However, this is all future talk. If the question is: are any of these options going to die soon, I would say no. They all have a niche in the market, providing one thing better than all of the others. Until one provider starts really slamming its competitors out of those niches, I don't see any of them, whether it be optical media, broadcast TV, or anyone else, going away.

2 Comments:

Blogger Foofy Attorney said...

I agree with pretty much everything you said in terms of assessment of the individual media. I will say I don't think the next media juggernaut necessarily has to be the one that somehow provides all those services at once. I think the niches are good.

For example, picture quality for me is not nearly as important as it is to you. By and large, there is a picture quality I deem adequate for anything other than certain pieces of science fiction and gay porn. Therefore I am not willing to pay a premium for enhanced picture quality that I don't really care that much about.

Really, I just don't want to see the mad rush to corner every media outlet end up forcing me to but access to media I don't want in order to get access to the media I do. Also, most people who try to everything end up doing it badly. I would like to see Netflix get better at expanding its on demand catalog and quality before trying to also provide broadcast tv access.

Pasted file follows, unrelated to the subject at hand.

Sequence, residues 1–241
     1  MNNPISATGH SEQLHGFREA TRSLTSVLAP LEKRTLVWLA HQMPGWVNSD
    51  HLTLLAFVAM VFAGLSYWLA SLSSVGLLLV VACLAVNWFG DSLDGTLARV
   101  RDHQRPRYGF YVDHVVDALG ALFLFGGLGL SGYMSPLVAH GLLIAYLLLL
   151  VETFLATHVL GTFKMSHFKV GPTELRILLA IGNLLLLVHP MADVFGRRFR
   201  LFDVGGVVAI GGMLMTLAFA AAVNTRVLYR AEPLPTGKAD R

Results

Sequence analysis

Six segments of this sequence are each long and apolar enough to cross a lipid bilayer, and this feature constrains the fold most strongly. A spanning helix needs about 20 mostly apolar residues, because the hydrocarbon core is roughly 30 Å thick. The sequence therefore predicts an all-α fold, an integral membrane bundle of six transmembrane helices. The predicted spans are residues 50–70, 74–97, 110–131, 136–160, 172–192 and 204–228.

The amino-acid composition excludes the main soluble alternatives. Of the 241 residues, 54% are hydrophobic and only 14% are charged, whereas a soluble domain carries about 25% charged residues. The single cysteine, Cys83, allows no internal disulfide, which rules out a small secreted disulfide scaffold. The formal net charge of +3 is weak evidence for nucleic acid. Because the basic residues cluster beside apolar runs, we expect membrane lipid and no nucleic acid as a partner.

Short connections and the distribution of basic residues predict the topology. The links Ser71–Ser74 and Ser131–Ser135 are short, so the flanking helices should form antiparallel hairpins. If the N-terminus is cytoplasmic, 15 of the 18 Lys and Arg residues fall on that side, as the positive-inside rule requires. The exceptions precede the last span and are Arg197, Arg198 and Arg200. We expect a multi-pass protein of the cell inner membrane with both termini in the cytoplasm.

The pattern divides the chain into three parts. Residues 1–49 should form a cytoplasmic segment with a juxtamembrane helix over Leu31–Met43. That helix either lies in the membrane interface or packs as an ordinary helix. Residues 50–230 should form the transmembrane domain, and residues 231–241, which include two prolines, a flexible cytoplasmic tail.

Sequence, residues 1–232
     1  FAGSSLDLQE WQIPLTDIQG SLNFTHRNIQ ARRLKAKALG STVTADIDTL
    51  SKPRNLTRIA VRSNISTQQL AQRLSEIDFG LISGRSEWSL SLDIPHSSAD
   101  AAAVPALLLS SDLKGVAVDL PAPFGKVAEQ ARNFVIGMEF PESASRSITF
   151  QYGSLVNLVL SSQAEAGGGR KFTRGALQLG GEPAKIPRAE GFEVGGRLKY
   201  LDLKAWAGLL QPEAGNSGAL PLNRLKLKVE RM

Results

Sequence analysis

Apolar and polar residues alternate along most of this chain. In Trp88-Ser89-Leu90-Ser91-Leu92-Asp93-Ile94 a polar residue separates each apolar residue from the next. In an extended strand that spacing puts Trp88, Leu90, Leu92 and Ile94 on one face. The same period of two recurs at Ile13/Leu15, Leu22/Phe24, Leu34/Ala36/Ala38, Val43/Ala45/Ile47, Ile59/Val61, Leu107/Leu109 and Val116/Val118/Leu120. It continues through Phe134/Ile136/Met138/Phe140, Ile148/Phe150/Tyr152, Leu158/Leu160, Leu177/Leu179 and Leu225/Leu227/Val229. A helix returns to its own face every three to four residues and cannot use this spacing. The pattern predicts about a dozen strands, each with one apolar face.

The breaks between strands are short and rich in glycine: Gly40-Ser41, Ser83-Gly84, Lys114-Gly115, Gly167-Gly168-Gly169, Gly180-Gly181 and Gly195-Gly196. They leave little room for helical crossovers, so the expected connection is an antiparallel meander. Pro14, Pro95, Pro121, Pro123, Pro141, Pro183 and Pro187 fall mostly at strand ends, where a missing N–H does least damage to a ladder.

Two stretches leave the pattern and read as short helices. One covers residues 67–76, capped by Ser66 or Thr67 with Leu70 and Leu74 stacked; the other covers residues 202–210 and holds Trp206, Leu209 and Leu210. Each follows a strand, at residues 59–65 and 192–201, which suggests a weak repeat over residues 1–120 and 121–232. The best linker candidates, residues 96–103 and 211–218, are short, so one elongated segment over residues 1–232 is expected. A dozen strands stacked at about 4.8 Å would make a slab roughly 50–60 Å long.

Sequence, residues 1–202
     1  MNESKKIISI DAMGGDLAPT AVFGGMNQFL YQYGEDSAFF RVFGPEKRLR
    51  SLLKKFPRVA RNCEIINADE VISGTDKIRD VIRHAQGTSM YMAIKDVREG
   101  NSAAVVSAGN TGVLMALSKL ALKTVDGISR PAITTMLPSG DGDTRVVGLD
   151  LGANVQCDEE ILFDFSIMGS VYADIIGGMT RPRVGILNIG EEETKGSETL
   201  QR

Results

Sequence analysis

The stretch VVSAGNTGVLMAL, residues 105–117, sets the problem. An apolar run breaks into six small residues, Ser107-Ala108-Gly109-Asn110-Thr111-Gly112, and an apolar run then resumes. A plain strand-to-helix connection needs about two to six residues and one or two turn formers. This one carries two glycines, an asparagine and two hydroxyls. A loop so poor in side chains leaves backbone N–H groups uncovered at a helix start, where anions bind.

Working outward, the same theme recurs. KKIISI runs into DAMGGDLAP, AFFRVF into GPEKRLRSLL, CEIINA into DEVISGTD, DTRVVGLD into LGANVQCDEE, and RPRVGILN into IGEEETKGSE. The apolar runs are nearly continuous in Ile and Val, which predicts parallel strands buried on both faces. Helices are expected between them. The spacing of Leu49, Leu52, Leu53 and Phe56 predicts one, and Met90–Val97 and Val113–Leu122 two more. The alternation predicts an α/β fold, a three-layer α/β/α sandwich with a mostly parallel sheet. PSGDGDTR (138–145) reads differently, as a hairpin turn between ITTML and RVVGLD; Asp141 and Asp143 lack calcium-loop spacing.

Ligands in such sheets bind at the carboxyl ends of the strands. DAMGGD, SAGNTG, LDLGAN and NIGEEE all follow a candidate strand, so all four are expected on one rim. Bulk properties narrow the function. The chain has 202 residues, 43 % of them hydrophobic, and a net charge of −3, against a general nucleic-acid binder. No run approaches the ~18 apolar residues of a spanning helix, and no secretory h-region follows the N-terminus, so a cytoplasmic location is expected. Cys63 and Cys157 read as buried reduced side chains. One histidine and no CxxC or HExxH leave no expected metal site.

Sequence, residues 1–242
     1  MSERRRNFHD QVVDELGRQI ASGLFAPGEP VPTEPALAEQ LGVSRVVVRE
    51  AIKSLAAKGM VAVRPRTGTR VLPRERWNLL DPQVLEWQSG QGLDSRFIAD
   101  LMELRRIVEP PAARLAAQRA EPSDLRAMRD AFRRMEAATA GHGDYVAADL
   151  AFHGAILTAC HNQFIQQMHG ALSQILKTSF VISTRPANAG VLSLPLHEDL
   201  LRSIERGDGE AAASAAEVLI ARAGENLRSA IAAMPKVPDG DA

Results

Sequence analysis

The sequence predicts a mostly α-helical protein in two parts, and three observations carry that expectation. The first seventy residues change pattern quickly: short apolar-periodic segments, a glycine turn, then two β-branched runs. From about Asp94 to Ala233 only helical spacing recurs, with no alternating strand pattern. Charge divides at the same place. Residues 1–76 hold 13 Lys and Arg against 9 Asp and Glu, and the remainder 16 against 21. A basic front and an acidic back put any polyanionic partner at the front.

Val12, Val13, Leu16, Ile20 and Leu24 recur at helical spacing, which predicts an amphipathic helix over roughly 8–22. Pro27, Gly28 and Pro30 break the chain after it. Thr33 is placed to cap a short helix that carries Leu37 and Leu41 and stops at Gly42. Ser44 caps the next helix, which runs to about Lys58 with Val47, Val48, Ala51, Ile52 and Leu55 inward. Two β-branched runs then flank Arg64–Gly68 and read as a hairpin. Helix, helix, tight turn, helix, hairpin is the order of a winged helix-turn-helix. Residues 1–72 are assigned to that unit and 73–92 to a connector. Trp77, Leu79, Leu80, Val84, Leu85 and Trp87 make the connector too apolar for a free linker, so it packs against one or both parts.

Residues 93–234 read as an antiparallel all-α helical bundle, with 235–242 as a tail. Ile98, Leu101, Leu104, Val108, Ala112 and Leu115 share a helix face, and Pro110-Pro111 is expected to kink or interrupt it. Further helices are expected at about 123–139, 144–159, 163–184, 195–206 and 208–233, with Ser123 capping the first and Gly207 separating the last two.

10:00 PM

 
Blogger matthewweflen said...

I agree that it is good and natural that given companies have given niches in which they perform best. I am saying, however, that I would prefer that one company do better in more niches at a competitive price. I think it sucks ass that I have to pay for a bunch of content I don't want (e.g. 90% of cable channels) to get access to a bit of content that I do (e.g. 3 or 4 cable channels, White Sox baseball.). Digital delivery has the potential to create a much more a la carte experience, but only if they can give access to enough of the content I want to obviate the other providers. Otherwise, I'll have to pay 3 or 4 providers twice as much as I should to get a small percentage of their content.

For instance, I'm almost done watching "Twilight Zone Season 1" from Netflix streamed to my PS3. :( Why can't they have every episode?

I think Hulu rocks as a concept, commercial-financed TV on demand. But they need to get selection, quality, and reliability up to par for it to really take off.

11:20 AM